This site welcomes respectful discussion. But comments, like the one I removed, that are abusive or curse out the other commenters (or me) are not welcome.

    And just to further explain the main point of this article…it is not about giving in to the corporate world or being a door mat. It’s about identifying what we can and can’t change, and then working on things that will help us in the end. Once you screw up, it’s a done deal. You can either wallow in it and blame others, or you can figure out what to do within the company that is to your best advantage and what to take with you for the rest of your career. If you need to move on, at least you know you’ve done all you can and left with a chance to get decent references. We all screw up. It’s best to fess up and let it go. Otherwise, you are just hurting yourself.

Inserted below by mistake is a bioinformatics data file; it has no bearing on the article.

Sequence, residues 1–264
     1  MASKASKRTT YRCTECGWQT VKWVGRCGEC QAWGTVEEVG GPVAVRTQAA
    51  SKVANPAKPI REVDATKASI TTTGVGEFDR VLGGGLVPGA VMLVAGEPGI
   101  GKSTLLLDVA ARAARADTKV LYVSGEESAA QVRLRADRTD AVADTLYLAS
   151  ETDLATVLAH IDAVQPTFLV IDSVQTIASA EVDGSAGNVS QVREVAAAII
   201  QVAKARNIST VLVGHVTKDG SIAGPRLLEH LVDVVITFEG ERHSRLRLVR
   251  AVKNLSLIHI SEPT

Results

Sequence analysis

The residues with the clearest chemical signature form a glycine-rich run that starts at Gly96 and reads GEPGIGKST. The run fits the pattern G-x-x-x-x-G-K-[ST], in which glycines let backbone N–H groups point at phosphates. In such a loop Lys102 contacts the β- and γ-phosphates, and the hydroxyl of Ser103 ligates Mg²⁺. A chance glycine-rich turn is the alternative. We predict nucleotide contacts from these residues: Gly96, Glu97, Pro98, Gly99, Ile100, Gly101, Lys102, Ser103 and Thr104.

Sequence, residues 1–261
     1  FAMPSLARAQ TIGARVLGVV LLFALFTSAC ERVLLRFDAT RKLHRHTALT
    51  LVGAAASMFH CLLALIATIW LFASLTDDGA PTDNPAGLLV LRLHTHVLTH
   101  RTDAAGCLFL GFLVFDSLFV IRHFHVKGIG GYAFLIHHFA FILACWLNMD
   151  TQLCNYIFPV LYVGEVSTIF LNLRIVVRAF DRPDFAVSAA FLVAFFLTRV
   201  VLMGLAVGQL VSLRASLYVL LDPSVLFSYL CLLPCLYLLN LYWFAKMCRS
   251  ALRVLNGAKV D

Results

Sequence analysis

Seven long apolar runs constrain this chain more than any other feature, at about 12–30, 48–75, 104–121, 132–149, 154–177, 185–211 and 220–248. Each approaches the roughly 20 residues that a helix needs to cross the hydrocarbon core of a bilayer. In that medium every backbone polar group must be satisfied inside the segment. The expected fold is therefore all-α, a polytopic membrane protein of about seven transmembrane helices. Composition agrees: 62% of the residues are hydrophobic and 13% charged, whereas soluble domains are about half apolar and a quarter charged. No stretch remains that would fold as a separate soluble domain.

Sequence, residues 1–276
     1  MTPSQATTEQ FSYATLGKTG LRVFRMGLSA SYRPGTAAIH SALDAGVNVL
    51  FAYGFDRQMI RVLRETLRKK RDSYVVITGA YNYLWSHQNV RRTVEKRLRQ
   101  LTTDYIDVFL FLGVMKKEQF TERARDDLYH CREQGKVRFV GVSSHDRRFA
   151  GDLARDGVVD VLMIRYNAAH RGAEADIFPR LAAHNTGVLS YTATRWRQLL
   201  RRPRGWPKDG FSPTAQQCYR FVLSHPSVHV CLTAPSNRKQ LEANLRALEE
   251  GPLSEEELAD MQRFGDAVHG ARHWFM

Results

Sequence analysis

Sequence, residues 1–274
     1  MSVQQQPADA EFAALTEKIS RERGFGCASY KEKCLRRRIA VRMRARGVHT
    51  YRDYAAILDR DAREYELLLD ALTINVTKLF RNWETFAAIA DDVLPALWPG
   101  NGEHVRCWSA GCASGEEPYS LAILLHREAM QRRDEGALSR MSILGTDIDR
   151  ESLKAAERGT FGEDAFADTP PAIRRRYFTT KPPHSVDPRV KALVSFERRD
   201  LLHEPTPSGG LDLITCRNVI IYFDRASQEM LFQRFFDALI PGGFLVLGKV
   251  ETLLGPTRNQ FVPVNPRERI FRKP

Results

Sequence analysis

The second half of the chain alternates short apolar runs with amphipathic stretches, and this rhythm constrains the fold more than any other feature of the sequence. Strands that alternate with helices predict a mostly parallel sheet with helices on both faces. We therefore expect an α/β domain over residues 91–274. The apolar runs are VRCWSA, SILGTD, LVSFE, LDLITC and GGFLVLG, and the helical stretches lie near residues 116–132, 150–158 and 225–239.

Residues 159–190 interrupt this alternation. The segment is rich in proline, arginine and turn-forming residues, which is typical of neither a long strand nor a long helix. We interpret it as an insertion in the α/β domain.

14. Gummyshark says:

    I screwed up at work today, massively, I Told my boss what had happened the minute I realized and he was fine with it, he told me the best way to go about the situation and I followed his instructions to the letter. Only to then have the legal consulant verbally abuse the crap out of me. I had a panic attack. After she accused me of covering up my mistake and blaming others, I respectfully told her that I hadnt blamed anyone and I had told my supervisor as soon as I realized what had happened, she then told me I had no attention to detail (despite he fact I’m currently doing the work of three people across three different roles).. I have been beating myself up over this. I know what this woman is like; she has a history of Painting people in very harsh light. And even though I handled this with as much dignity as I could I know I’m going to be made to look like a complete incompetent moron. I don’t know how to defend myself without coming off as a liar, the worst thing is I shouldn’t have to defend myself when I have gracefully accepted resonsibility for my mistake.